1You can’t pay by credit card in the Netherlands’ biggest supermarket
Now that might sound like a trivial fact until you find yourself standing at the checkout in the Albert Heijn, starving and only one plastic card away from getting that alluring food that might save you from a hungry-related fall out with your new neighbours. Yeah, we don’t want that! Make sure you possess a Maestro Card or take out enough cash to survive the time until you’ll be able to open a Dutch bank account.
2The BRP is not the same as the BSN
There seems to be a lot of confusion about the BRP and BSN when, in fact, it is quite simple. The ultimate goal is to get a BSN which is quite essential when living in the Netherlands. You will need it for all administrative steps like opening a bank account, take out health insurance etc. To get a BSN, you need to register at the BRP (Basisregistratie Personen). The BRP is a database which contains personal data of all residents in the Netherlands (as well as from people who have left the Netherlands again). To register at the BRP, you need to make an appointment with the municipality of your place of residence. So again: You make an appointment for your registration at the BRP. After your registration, you’ll receive your BSN. Piece of cake, right?
3Getting an appointment at the municipality sucks
Unfortunately, it is not quite that easy! Registering at some municipalities can truly be a pain in the a**. Why is that? First of all, not all municipalities allow you to register an appointment online. Although we must confess all bigger municipalities like Amsterdam, Delft, Den Haag, Eindhoven, Groningen, Nijmegen, Rotterdam, Utrecht actually do. So the real hassle starts, as usual, with the formalities. First of all, we must tell you that it makes no sense to rock up at that appointment when you don’t have a residential address yet. “Fun” fact: For some accommodations, you need a BSN to be able to register, and you end up in a classic catch-22 situation. But more about this elsewhere. However, if you managed to arrange your housing in the Netherlands already (well done!) and you are all set to pay a visit to your local city hall, make sure you bring the ORIGINAL documents like birth certificate etc. Not all municipalities demand this, but carefully check before you have to leave the appointment empty-handed.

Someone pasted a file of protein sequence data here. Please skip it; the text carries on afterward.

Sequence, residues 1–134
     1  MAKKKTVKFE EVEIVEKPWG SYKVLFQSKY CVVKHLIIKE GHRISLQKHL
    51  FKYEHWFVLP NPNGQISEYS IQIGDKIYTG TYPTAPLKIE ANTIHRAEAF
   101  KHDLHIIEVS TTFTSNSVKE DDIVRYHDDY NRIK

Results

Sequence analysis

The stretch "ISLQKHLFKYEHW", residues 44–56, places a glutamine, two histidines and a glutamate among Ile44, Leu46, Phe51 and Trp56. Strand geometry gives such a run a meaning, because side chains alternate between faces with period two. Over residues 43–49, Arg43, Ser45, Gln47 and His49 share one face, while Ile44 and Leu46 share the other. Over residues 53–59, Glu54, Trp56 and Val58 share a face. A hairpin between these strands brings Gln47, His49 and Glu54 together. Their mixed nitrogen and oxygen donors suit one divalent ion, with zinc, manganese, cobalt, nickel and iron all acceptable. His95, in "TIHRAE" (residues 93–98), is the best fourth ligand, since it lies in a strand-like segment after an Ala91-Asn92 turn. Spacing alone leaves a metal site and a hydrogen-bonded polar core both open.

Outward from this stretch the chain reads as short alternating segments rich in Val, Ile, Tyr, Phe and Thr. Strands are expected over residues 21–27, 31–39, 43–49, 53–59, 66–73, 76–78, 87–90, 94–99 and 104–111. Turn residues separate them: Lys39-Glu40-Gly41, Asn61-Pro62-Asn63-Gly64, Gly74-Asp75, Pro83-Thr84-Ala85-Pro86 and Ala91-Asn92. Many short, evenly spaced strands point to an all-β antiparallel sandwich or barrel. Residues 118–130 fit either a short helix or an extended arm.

So far, so good. Now you know how to get food and have the necessary formalities settled, let’s have a look at the following steps. Insurances!
4Most insurances in the Netherlands don’t have an English website
You might have guessed it: Taking out health insurance in the Netherlands is mandatory. At least if you work in the Netherlands or live in the Netherlands for more than four months. Which is why it stays a secret to us, why only eight of over 50 health insurances in the Netherlands have an English website. Fortunately, you’ve found us! On comeandstay.nl we’ve put together all non-Dutch-speaking-friendly health insurances in the Netherlands which actually do have an English website.
5Some apps are not available in the Dutch app store
Some apps are pretty essential when moving to the Netherlands. A good and especially reliable weather app, for example. One of them is called buienradar. Problem though is that you won’t be able to download it in the Apple app store (if you have an iPhone) if you aren’t registered in the Dutch app store. Yes, you heard right, there is such a thing as app store discrimination. And rejected access to buienradar while living in the Netherlands is in our eyes totally counted as discrimination (If you don’t live in the Netherlands yet, wait and see!). Fortunately, it is pretty easy to switch the app store. To do so, you need to update the country or region that’s associated with your Apple ID. To change the app store, you need to provide a Dutch payment method which you might not have (yet). However, there is a simple trick how you can do so without a Dutch credit card.
Be aware that switching the app store might cause the problem the other way round though. E.g. online banking apps from local banks from your country of origin are possibly not available in the Dutch app store, and you won’t be able to update them if you switch the country of your Apple ID to the Netherlands.
And last but not least. Don’t panic if you hear the sirenes in the Netherlands because:
6Every first Monday of the month the alarm goes off
Don’t panic! Stay calm and check what date and time it is. Every first Monday of the month at exactly noon the municipalities test if the sirenes are still working correctly. Furthermore, the test makes sure the sirens are recognized in a real case of emergency. For the test, the sirens go off for exactly 1 minute and 26 seconds (yeah, we’re also not sure why this is important, but the Dutch government states this on the website and we might as well mention it here just in case we missed it’s importance). If you hear the sirens any other time or if they go off multiple times in a row, go inside and listen to the radio or watch television.
But enough panic talk! Knowing what you know now, we’re convinced that panic isn’t something you have to deal with when starting your Dutch adventure. comeandstay.nl provides you with everything you need for a smooth start in the Netherlands without losing time browsing the internet for information you didn’t know you needed. The site informs you as relevant and as short as possible. Whether you come to the Netherlands as a student, young professional or job seeker, make sure you’ll browse the corresponding section.
Even though the information on comeandstay.nl is a result of our own experience as well as of numerous interviews with internationals in the Netherlands, we still might not have covered all important topics. Please let us know if we didn’t! We love to receive feedback.